What is a Phobia?
A phobia is usually an irrational fear of either an object or situations. A common symptom when faced with a phobia is that of extreme panic, usually a sufferer will go to great lengths to avoid facing their fear. Over 10 million people in the UK are thought to live with a phobia. Phobia’s can affect people of any age, sex, and socioeconomic status. However, a much higher percentage of women suffer from phobias than men.
‘Normal’ Fear vs. Phobias
It is normal and even helpful to experience fear in dangerous situations. Fear is an adaptive human response. It serves a protective purpose, activating the automatic “fight-or-flight” response. With our bodies and minds alert and ready for action, we are able to respond quickly and protect ourselves.
But with phobias the threat is greatly exaggerated or nonexistent. For example, it is only natural to be afraid of a snarling Rottweiler, but it is irrational to be terrified of a friendly pug on a leash, as you might be if you have a dog phobia.
Common Types of Phobias or Fears
There are four general types of phobias and fears:
- Animal phobias. Examples include fear of snakes, fear of spiders, fear of rodents, and fear of dogs.
- Natural environment phobias. Examples include fear of heights, fear of storms, fear of water, and fear of the dark.
- Situational phobias (fears triggered by a specific situation). Examples include fear of enclosed spaces (claustrophobia), fear of flying, fear of driving, fear of tunnels, and fear of bridges.
- Blood-Injection-Injury phobia. The fear of blood, fear or injury, or a fear of needles or other medical procedures.
Some phobias don’t fall into one of the four common categories. Such phobias include fear of choking, fear of getting a disease such as cancer, and fear of clowns.
Social Phobia and Agoraphobia are known as complex phobias. They are linked to a deep-rooted fear or anxiety about certain situations, incidents or circumstances, which make them much more disabling than simple phobias – please click for further information.
Common Causes for Specific (simple) Phobias
It is unusual for a phobia to start after the age of 30; most phobias begin during early childhood, teenage years or early adulthood. Although there doesn’t seem to be one particular cause of phobias, there are several factors that might play a role.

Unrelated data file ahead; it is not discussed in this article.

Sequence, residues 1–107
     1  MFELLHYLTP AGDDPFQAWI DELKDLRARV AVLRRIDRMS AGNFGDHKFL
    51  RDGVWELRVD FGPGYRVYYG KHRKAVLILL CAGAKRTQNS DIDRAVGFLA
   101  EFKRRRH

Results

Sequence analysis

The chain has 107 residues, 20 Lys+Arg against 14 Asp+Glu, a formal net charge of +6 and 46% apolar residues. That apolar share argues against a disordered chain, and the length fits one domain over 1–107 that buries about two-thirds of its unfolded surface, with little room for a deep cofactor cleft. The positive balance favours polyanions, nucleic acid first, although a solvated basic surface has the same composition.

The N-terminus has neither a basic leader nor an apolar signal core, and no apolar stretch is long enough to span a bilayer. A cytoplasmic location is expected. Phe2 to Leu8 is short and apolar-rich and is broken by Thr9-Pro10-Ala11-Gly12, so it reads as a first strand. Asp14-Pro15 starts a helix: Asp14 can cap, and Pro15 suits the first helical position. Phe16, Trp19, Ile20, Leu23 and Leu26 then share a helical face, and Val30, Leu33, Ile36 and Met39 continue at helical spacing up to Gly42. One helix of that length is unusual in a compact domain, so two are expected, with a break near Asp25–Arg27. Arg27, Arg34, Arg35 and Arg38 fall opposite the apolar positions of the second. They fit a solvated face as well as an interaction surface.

- For some the phobia can be linked to a stressful situation or frightening event; for example, a child who experiences a lot of turbulence on a plane might develop a phobia about flying.
- Phobias can be learned responses, picked up in early life – you might develop the same specific phobia as a parent or older sibling (Phobias picked up from parents are learned fears – they are not genetically inherited.) It has also been shown that factors in the family environment, such as parents who are very worried or anxious, can have an effect on the way you cope with anxiety in later life.
- There is also some evidence that genetics can play a role – some people appear to be born with a tendency to be more anxious than others.
Signs and Symptoms of Phobias
The symptoms of a phobia can range from mild feelings of apprehension and anxiety to a full-blown panic attack. Typically, the closer you are to the thing you’re afraid of, the greater your fear will be. Your fear will also be higher if escaping is difficult.
Physical Signs and Symptoms of a Phobia
- Difficulty breathing
- Racing or pounding heart
- Chest pain or tightness
- Trembling or shaking
- Feeling dizzy or lightheaded
- A churning stomach
- Hot or cold flashes; tingling sensations
Emotional Signs and Symptoms of a Phobia
- Feeling of overwhelming anxiety or panic
- Feeling an intense need to escape
- Feeling “unreal” or detached from yourself
- Fear of losing control or going crazy
- Feeling like you’re going to die or pass out
- Knowing that you’re overreacting, but feeling powerless to control your fear
How Talking to Siobhan Can Help
Through cognitive behaviour therapy Siobhan will
- Help you to understand the root causes of your fears and phobias
- Examine the thoughts, feelings and behaviours that contribute to your fears
- Assist in identifying anxiety triggers
- Rationalise your thinking and
- Support and assist an appropriately paced exposure to the feared situation or object.